In an interview to a Bengali newspaper, Ganguly said he was very frustrated at being “the sacrificial goat all the time”.

While talking about his own frustrations is ok, it is when he trained his gun at his own dressing room that I think he crossed the line between mildly-acceptable and totally-unacceptable in my book! After all, it is not a crime to air your frustrations in the press.

And surely, the man has had to deal with many a frustration in his career. When he came into the national side, scuttlebutt was that he got in because of considerations other than his class, ability and form. When he was dropped without even having the opportunity to carry the drinks tray, people ridiculed him. He then had to endure more sniggers when he got selected for the tour of England in 1996 where he made his debut. His place in the team has always been under the microscope — even when he backed himself as leader to transform India from a bunch of sometimes-talented individuals to a team that could play against some of the very best. And then, through the Greg Chappell episode and, later, through his return to the Indian cricket playing fraternity, the microscope has always been trained on him.

So, his frustrations are perhaps understandable. He has had to, perhaps, endure more scrutiny than most in the Indian middle order.

Ganguly said, that the turning point was when he was dropped for the Irani trophy. “It was difficult to accept,” he said. “If a gun is held at your head, how far can you bear it. That too after playing 450 matches. I played badly in only one series. But others are not dropped. I have scored the highest number of runs after comeback,” he said.

All of that is not really a crime, even if it contained factual inaccuracies. After all, he is only expressing his opinions openly. Perhaps he wasn’t the most diplomatic. But acceptable? Most certainly, in my book.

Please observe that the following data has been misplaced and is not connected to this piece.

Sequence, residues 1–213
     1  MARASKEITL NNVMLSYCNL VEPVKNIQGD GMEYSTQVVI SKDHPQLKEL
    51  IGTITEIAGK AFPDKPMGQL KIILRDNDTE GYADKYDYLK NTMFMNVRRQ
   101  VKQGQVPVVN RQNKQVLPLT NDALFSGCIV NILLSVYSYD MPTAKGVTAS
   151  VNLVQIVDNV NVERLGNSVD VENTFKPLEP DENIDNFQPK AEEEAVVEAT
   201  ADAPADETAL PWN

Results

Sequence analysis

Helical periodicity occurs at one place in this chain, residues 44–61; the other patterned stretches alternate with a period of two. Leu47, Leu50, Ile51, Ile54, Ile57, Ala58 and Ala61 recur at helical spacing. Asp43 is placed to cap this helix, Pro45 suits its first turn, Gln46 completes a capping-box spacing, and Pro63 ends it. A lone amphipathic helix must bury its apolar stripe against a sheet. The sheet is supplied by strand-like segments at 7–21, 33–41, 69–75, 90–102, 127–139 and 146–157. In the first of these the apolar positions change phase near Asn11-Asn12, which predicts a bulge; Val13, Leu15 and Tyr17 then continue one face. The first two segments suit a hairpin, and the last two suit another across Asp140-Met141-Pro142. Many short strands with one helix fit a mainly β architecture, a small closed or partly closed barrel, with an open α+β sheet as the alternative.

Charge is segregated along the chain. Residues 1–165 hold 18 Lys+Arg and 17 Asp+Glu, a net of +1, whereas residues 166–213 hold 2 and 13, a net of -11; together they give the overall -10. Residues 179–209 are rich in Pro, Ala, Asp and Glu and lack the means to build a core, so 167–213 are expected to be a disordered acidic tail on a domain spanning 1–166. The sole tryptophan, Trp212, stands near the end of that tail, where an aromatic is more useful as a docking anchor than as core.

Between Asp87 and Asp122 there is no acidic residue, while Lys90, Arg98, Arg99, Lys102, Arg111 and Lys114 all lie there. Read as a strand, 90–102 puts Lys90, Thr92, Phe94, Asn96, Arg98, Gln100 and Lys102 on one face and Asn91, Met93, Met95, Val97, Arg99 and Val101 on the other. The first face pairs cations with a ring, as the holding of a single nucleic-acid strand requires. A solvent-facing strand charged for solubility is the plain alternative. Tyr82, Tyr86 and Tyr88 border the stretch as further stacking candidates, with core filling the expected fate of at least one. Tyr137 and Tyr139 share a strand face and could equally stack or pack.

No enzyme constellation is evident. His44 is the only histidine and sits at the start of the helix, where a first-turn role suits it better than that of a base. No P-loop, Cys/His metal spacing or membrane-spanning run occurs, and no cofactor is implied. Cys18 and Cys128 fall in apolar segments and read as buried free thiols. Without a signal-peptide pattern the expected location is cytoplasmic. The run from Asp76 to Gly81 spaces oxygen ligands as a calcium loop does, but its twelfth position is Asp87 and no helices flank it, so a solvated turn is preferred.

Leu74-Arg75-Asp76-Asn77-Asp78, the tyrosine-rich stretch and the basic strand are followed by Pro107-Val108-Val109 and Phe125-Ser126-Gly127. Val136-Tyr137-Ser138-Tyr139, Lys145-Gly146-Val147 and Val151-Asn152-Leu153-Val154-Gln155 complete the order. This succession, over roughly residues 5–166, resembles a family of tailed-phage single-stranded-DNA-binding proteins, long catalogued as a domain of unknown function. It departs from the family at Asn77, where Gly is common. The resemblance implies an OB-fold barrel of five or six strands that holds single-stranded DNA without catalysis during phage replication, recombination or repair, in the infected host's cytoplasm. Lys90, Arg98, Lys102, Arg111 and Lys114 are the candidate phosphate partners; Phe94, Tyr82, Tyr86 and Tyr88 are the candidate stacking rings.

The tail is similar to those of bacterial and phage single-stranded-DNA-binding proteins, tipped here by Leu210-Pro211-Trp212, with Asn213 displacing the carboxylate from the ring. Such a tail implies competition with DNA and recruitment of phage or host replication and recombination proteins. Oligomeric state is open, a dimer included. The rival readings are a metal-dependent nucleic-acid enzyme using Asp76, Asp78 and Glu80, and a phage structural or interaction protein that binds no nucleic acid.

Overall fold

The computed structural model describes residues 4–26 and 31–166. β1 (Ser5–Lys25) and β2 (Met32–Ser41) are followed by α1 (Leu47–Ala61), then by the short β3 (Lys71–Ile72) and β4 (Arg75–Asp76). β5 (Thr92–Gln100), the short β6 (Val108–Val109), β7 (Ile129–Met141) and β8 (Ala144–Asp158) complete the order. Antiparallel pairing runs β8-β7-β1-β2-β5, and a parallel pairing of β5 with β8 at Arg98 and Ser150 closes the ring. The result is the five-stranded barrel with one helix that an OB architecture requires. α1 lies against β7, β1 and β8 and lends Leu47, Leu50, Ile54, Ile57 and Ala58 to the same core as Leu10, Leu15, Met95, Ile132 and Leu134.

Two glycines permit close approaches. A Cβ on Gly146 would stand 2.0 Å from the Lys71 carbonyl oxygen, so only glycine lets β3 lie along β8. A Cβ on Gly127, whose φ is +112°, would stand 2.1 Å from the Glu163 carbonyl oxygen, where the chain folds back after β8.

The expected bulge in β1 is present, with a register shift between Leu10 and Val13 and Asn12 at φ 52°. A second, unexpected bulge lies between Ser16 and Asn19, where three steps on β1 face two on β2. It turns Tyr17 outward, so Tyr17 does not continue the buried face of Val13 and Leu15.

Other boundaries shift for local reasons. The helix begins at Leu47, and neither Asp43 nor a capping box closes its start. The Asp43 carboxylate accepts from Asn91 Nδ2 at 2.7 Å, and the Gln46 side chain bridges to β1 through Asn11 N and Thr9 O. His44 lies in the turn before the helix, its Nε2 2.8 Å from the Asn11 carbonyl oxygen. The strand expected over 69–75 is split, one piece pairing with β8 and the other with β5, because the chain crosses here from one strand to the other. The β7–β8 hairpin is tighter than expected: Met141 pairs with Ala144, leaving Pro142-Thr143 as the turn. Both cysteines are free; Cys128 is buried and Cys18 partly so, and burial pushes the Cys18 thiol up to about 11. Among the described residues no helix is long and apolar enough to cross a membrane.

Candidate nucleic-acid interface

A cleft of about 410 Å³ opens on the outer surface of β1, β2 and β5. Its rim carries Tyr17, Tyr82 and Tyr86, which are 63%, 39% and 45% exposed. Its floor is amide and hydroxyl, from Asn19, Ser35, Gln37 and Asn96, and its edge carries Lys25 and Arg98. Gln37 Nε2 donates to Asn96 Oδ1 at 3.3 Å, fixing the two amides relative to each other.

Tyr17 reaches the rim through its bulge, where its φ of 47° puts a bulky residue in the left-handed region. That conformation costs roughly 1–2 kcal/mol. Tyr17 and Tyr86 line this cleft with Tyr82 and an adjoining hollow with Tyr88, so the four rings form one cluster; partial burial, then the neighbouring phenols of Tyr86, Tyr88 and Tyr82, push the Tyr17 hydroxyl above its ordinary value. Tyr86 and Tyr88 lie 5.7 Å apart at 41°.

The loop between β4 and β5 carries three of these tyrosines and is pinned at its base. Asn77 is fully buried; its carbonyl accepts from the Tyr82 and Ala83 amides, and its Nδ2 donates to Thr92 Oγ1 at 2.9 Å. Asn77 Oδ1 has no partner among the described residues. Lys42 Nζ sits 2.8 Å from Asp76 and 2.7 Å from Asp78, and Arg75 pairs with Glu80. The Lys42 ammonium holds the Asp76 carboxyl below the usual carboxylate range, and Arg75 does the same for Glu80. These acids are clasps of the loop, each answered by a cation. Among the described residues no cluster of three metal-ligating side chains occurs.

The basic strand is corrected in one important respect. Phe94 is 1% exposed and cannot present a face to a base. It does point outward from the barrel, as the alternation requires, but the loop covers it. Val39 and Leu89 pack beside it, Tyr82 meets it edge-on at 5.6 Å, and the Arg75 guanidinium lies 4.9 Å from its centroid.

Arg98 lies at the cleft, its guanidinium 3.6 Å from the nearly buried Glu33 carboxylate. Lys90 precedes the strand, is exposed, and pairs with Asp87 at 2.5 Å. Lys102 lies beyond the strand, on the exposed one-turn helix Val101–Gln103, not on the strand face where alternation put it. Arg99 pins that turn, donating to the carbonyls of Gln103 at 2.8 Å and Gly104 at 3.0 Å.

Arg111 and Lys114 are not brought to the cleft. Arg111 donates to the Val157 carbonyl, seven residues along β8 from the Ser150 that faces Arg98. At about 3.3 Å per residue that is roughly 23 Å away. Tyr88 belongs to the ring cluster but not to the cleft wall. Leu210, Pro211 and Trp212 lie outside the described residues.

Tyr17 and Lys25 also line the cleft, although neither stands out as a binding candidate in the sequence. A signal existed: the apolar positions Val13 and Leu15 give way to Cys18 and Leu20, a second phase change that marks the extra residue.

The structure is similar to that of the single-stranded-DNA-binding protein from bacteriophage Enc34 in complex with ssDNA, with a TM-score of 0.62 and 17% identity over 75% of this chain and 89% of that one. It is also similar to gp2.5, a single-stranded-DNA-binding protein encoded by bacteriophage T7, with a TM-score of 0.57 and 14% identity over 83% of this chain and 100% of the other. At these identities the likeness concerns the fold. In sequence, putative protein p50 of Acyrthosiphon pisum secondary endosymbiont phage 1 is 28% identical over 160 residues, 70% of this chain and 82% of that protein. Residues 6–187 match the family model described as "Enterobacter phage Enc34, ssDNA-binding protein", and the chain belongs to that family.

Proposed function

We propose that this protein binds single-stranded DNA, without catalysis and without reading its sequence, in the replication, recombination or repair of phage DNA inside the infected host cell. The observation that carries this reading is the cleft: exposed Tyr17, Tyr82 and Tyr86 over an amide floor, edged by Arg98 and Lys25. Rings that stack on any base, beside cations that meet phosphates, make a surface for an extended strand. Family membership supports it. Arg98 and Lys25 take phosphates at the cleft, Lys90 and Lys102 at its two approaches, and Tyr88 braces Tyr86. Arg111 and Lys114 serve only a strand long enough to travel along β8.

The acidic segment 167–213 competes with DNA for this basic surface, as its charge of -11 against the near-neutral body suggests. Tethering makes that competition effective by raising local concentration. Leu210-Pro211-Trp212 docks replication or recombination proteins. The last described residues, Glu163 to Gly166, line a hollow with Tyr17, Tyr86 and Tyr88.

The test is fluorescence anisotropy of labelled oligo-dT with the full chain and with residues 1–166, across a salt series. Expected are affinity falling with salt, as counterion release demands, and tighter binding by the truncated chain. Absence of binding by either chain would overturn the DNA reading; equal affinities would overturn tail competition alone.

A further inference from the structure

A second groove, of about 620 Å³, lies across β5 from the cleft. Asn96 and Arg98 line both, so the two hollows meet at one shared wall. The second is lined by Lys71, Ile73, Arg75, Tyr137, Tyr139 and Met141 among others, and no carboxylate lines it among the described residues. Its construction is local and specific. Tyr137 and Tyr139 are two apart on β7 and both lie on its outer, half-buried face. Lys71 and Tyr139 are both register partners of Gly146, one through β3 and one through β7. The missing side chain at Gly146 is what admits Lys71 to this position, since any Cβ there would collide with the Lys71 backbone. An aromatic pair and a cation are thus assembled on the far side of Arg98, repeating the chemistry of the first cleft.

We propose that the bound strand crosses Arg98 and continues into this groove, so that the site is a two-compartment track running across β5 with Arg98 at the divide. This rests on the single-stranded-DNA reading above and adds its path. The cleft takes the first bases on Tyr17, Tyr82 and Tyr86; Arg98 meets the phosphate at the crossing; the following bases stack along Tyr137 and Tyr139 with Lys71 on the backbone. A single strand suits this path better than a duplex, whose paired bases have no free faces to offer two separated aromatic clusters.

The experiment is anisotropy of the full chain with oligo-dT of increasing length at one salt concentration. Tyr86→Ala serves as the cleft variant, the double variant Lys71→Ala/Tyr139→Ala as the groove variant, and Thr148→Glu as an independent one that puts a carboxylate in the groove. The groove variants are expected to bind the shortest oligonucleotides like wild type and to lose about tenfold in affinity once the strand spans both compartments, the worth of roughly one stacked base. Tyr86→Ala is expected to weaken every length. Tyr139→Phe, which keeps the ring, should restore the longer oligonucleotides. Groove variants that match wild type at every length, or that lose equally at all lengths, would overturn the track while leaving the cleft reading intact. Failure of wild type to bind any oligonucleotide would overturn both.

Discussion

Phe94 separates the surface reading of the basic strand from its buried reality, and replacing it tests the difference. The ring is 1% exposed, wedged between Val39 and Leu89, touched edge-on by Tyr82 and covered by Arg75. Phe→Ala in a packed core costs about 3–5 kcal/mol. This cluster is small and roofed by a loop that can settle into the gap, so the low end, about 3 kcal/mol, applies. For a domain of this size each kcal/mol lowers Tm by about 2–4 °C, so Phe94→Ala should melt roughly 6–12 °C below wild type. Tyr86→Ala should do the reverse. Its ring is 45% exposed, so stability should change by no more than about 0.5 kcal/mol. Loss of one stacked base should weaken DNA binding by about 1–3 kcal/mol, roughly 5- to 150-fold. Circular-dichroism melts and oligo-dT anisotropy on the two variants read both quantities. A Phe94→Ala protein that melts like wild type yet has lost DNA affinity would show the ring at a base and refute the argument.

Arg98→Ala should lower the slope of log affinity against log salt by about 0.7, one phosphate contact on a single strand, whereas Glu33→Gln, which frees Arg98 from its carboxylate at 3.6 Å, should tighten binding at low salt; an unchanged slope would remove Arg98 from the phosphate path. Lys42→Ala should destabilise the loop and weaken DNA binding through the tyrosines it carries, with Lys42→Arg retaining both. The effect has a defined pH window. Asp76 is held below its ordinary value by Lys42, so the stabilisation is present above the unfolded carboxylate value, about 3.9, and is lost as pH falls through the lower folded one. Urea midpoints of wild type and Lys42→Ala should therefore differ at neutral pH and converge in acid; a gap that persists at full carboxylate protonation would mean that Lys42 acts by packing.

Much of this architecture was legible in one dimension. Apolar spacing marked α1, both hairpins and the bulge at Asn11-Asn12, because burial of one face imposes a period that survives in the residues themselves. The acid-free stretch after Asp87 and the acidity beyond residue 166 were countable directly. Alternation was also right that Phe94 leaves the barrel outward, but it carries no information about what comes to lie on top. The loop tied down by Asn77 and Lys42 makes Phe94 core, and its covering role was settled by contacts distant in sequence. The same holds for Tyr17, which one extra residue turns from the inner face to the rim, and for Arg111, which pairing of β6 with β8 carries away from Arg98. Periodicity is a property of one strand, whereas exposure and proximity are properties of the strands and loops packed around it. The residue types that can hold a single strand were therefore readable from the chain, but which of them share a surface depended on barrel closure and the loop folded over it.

He then went on to say that although he could have perhaps played on until 2009, he was not “prepared to take any more humiliation,”. Again, he was only expressing his own bitterness and frustrations. He was perhaps entitled to both!

He then made the two most personal and telling comments that, in my view, ought to earn him a strong censure and perhaps even a suspension from the BCCI.

The first statement was against a former player and the next, against a current player.

First he said, “Everything happens in Indian cricket. When Greg Chappell dropped me, he chose Tejinder Pal Singh to replace me. Where is he now?”

And then came the real bombshell: “Some have not scored any runs in the last three series, some have not scored any run during the last one year. Some have changed their hair style more number of times than the number of runs they have scored. I was dropped despite scoring the highest number of runs following my comeback.”

Now that is a total no-no in my books. While it is perfectly ok for a current contracted player to express his own frustrations and opinions on his own abilities, it just cannot be right to take aim at an ex player in the dressing room or indeed, a current player in the dressing room.